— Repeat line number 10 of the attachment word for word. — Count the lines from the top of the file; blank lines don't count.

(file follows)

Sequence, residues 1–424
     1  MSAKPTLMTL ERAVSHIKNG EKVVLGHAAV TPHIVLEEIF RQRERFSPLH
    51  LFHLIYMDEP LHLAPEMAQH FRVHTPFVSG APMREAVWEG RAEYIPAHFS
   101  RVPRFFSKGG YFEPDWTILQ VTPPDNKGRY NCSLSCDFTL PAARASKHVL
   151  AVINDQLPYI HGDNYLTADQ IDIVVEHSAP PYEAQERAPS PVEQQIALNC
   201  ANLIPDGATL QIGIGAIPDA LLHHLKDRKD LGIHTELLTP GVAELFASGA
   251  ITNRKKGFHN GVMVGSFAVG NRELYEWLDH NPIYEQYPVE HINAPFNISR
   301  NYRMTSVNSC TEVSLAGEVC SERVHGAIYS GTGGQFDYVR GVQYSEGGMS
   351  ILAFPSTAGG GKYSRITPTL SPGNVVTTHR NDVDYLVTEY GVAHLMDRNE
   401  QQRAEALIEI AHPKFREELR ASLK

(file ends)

   401  QQRAEALIEI AHPKFREELR ASLK